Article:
Rafael Catala, secretary of state for transport and housing, told Spanish radio network Cadena SER that the "tragedy appears to be linked to the train going too fast," but that the reasons it was going so fast are not yet known.
The express passenger service was nearing the end of a six-hour trip from Madrid to the town of Ferrol in northwest Spain when the crash occurred, the state railway said.
Security footage revealed how, as the train hurtled around a bend, its cars derailed and slammed on their sides into a concrete support structure for a bridge.
Flames burst out of one train car as another car was snapped in half in the crash. Rescue crews and fellow passengers pulled bodies through broken windows and pried open doors as stunned survivors looked on.
Maria Vigo, whose home is on the bank above the rail tracks, told CNN how she heard a crash, and then the deafening squeal of metal on concrete.
"When I saw the rail car flip into the air, I imagined something just horrible had happened," she said.
She and husband Suso sought to help the injured, taking bed sheets to wrap round the injured and ropes to haul the survivors off the tracks.
Firefighter Miguel Angel Bello said the first four minutes after he arrived on the scene were a desperate race against time.
He and fellow firefighters smashed windows and kicked in doors to pull out the passengers trapped inside as rail cars went up in flames.
A young girl in the wreckage called out to him. "She was under wreckage she said she wanted to get out and go home but she died," he said.
Survivor: We looked like the walking dead
Stephen Ward, an 18-year-old from Bountiful, Utah, who is in Spain serving on a Mormon religious mission, was one of the lucky ones.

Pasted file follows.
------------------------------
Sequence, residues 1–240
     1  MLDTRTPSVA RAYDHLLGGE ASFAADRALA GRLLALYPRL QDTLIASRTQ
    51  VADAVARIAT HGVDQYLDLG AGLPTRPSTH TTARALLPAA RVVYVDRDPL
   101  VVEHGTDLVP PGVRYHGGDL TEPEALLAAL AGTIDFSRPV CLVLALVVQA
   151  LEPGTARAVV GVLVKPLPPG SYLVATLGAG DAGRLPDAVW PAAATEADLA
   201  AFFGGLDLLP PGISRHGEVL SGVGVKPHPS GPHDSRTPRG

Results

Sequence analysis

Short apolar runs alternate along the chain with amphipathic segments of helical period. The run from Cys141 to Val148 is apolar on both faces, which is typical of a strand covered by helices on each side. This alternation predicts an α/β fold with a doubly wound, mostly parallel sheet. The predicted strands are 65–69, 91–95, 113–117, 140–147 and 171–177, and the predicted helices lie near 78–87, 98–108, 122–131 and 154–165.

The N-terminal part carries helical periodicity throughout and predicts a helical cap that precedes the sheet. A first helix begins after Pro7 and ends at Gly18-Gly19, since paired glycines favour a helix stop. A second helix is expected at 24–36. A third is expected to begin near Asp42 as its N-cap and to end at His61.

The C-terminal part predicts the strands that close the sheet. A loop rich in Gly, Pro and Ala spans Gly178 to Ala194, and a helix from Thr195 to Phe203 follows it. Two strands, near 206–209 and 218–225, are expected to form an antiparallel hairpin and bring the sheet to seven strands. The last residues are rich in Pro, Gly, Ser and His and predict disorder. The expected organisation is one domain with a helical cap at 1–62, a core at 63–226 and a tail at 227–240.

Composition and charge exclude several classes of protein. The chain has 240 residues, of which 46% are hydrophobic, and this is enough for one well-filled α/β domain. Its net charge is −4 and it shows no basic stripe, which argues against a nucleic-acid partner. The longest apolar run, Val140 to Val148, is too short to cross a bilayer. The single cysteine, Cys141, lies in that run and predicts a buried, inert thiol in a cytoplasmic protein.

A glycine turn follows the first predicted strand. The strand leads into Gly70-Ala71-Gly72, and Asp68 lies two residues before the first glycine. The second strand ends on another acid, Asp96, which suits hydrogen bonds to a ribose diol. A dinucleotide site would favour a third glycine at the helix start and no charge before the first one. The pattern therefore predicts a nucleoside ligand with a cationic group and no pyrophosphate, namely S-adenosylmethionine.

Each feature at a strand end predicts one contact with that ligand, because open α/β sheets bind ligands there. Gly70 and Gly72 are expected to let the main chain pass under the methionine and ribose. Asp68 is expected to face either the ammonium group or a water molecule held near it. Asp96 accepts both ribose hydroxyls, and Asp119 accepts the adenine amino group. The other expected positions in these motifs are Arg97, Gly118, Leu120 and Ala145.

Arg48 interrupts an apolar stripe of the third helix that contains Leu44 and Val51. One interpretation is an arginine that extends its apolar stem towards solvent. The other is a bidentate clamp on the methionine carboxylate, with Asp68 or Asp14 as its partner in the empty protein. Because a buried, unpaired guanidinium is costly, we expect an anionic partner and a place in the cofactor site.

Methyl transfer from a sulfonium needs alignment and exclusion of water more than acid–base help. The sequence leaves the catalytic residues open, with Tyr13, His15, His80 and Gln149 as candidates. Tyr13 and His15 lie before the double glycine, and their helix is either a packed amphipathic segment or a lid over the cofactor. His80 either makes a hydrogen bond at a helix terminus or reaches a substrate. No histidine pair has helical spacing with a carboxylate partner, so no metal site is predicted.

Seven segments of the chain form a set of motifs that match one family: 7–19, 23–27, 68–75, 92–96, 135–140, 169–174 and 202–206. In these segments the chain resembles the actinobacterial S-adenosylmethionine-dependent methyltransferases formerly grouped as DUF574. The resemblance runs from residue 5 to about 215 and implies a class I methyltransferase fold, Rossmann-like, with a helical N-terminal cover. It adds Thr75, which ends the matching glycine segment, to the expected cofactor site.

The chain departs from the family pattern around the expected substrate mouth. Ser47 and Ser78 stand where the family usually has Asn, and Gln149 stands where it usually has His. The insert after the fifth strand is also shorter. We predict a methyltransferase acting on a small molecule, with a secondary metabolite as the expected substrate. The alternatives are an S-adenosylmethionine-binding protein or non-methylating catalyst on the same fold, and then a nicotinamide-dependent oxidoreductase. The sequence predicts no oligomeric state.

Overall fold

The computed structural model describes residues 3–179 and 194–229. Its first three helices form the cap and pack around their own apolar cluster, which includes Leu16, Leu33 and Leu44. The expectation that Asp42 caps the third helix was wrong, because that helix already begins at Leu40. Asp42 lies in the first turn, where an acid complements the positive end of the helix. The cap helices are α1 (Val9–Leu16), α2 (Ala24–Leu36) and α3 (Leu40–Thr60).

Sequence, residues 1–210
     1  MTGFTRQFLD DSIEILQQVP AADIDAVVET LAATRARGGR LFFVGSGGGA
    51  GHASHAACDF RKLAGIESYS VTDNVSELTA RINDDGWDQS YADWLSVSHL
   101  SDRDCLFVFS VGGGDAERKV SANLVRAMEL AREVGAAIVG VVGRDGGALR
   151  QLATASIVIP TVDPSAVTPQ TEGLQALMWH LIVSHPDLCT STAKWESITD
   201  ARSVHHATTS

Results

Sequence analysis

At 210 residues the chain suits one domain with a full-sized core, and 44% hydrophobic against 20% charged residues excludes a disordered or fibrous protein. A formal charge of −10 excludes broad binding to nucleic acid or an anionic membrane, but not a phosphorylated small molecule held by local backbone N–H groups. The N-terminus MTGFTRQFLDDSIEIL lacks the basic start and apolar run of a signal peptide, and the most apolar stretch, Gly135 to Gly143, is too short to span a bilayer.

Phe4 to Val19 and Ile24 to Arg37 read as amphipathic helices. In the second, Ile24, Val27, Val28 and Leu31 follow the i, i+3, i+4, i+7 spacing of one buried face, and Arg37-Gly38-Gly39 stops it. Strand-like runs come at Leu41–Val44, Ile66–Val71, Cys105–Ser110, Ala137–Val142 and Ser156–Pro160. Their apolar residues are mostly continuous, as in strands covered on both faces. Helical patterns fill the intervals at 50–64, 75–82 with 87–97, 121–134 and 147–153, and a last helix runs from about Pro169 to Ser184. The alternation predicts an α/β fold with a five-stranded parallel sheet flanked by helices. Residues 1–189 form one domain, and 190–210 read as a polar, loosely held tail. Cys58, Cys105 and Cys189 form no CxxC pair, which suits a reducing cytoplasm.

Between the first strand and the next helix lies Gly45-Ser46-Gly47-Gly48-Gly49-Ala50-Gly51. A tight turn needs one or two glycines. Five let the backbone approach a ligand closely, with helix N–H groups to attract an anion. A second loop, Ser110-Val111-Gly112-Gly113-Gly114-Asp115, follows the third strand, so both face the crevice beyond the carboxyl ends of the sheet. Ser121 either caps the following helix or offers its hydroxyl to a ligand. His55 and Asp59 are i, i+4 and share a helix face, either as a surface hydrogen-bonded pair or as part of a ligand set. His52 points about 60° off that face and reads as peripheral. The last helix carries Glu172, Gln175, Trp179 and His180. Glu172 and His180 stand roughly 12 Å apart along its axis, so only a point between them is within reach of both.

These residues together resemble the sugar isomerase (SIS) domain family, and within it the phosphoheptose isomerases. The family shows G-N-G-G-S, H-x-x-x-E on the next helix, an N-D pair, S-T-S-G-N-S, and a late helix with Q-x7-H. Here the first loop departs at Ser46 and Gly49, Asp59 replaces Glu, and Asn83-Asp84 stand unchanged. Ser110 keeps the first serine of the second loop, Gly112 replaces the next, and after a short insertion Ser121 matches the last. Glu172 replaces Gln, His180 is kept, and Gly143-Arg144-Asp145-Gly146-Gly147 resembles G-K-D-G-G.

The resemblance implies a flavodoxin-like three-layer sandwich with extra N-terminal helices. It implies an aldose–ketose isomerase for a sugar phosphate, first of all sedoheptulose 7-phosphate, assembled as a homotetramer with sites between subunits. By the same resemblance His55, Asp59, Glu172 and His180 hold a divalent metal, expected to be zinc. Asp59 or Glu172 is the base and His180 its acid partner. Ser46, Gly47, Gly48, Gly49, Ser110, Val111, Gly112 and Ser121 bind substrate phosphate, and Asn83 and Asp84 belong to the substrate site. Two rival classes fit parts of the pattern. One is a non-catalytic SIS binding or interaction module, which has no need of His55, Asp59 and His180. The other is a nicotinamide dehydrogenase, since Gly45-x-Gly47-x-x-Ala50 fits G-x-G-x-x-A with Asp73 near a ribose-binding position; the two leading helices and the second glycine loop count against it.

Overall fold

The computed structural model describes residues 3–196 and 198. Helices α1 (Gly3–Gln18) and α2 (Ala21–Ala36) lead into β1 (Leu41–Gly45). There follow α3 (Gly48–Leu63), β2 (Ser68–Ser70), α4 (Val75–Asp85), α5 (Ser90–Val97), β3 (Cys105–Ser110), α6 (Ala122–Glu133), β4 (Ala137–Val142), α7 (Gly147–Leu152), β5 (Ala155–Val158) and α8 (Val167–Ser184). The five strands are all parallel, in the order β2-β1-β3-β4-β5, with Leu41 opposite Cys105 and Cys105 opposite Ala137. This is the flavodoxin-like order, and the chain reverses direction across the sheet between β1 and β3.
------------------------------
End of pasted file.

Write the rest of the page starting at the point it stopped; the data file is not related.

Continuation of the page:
Still patched up and wearing a neck brace, he told CNN's "New Day" show of his ordeal -- and his relief that he made it out alive and without permanent injury.
Ward blacked out when the car he was in slammed on to its side, regaining consciousness only as he was being helped out of the train.
It took him a couple of minutes to grasp that what he was seeing outside was not a dream -- and that people were dead. "They were helping out other people -- there were bodies, there was screaming, there was smoke."
The survivors looked like the walking dead, he said. "I've got staples all over my scalp, I was covered in blood. They've scrubbed most of it off me now but everyone was just covered in their own blood and occasionally the blood of others. It was gruesome to say the least."
Another victim, speaking from a hospital bed with his arm in a sling, told CNN affiliate Atlas that it seemed like the train was going fast.
"But we didn't know what was the maximum speed, so I thought it was normal," he said, "And suddenly there was a curve, the suitcases fell, and everything went dark. And I hit my head a ton of times, and 10 seconds later I was wedged between seats, and I had people's legs on top of me."
As he waited for rescuers to pull him from the wreckage, he heard other passengers yelling.
"I heard little children screaming. ... I also heard two girls that yelled out, one supporting the other," he said.
The derailment came on the eve of a public holiday to celebrate a saint's day, when more people than usual may have been traveling in the region. Planned festivities in Santiago de Compostela and across Galicia were canceled after the crash.
CNN's Karl Penhaul reported from Santiago de Compostela and Laura Perez Maestro from Galicia. CNN's Laura Smith-Spark wrote in London. CNN's Al Goodman, Lindsay Isaac, Jonathan Helman, Catherine E. Shoichet, Elwyn Lopez, Patrick Sung, Jill Dougherty and Mariano Castillo contributed to this report.